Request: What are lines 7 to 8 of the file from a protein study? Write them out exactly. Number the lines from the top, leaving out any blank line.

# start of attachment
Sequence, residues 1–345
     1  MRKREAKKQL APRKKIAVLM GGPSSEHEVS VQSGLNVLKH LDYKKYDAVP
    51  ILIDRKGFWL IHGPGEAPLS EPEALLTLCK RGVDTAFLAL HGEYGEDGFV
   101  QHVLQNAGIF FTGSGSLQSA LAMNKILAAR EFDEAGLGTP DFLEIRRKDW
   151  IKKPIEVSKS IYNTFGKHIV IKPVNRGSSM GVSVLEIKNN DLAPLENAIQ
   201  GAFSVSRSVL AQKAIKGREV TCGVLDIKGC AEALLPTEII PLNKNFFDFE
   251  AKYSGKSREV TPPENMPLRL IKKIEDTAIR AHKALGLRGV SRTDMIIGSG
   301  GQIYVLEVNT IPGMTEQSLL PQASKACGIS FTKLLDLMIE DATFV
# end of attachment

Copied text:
   251  AKYSGKSREV TPPENMPLRL IKKIEDTAIR AHKALGLRGV SRTDMIIGSG
   301  GQIYVLEVNT IPGMTEQSLL PQASKACGIS FTKLLDLMIE DATFV